Nucleic acids often acquire new functions by forming a variety of complexes with metal ions. Osmium, in an oxidized state, also reacts with C5-methylated pyrimidines in the presence of bipyridine to give a stable ternary complex. We have designed a bipyridine-attached adenine derivative for sequence-specific osmium complexation. Sequence-specific osmium complexation was achieved by hybridization of a short DNA molecule containing this functional nucleotide to a target DNA sequence, and resulted in the formation of a crosslinked structure. The interstrand crosslink clearly distinguished methylated cytosines from unmethylated cytosines, and was used to quantify the degree of methylation at a specific cytosine in the genome.
Porphyrin has been receiving much attention in the wide area of science. Porphyrins generally accommodate a variety of metals in the central cavity. The central metal often plays a critical role to dominate electronic and structural properties of a metalloporphyrin. In contrast, porphyrins which have carbon-metal bond at the porphyrin peripheral remain unexplored. In particular, porphyrins with a peripheral carbon-transition metal σ-bond are very rare. However, we have demonstrated that borylated porphyrins are versatile synthetic intermediates for the creation of novel porphyrin derivatives. Furthermore, porphyrins with a carbon-transition metal bond have exhibited unique structural features and catalytic activity.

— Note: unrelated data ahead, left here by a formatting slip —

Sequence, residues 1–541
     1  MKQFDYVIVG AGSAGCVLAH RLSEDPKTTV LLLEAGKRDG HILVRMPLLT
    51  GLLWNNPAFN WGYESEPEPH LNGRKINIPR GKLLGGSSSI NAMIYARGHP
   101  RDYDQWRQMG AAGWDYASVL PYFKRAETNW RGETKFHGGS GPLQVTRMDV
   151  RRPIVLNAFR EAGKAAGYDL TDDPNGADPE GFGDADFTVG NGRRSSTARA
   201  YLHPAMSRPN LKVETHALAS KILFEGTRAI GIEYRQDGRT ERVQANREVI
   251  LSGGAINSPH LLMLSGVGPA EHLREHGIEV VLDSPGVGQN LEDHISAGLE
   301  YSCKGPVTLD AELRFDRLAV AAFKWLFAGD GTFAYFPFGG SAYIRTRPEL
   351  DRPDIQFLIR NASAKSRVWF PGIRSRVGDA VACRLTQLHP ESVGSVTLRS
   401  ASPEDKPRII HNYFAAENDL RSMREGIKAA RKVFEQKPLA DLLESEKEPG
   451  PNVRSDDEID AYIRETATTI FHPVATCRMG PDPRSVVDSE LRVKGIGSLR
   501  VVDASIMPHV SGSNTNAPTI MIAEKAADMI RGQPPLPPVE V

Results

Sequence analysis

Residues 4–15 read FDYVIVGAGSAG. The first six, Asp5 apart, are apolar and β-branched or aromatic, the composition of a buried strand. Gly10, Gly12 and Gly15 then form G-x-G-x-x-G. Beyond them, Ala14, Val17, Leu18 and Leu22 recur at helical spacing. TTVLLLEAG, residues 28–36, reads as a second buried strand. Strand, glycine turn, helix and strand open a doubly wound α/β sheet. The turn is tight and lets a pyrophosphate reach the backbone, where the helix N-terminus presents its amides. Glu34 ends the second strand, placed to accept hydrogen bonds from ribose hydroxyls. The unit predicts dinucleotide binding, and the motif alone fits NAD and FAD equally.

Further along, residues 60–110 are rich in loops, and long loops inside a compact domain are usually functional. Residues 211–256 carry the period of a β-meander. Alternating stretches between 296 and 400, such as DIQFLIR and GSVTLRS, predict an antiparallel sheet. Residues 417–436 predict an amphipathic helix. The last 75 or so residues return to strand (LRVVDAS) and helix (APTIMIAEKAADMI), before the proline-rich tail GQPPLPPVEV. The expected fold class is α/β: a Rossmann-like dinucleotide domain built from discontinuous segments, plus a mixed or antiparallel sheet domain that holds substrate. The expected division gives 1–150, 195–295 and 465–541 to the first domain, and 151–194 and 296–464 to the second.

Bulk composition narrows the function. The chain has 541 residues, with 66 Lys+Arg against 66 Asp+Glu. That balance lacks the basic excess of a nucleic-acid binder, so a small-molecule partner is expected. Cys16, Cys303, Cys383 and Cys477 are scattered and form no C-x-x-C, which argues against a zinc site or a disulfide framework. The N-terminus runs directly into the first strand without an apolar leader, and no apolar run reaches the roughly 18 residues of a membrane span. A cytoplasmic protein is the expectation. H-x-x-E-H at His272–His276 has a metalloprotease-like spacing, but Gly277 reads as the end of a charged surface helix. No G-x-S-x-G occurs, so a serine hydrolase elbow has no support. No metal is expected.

The utility of transition metal-catalyzed reactions with organic sulfur compounds, which have been known to act as a “catalyst poison”, has not been well-studied until recently. However, ever since the Pd-catalyzed cis-addition of diaryl disulfides to terminal alkynes was reported in 1991, a variety of regio- and stereoselective metal-catalyzed addition reactions of the compounds with S-G bonds (G; element or group) to unsaturated compounds have been developed. We herein review our achievements: (1) Pd-catalyzed addition of diaryl disulfide to isocyanide, (2) Pd-catalyzed reactions with sulfenamides, carbon monoxide, and terminal alkynes, (3) oxidative additions of S-C bonds of vinyl sulfides and thioesters to Pt(0)-complex and the application to a series of carbothiolations and a unique one-pot cyclization, (4) thermal and photo-promoted insertions of terminal and internal alkynes into S-M (M = Pd, Pt) bonds, “o-halogen effect”, and the application to catalytic reactions, and (5) photo- and -thiol driven trans insertion of phenylacetylene into H-Pt bonds.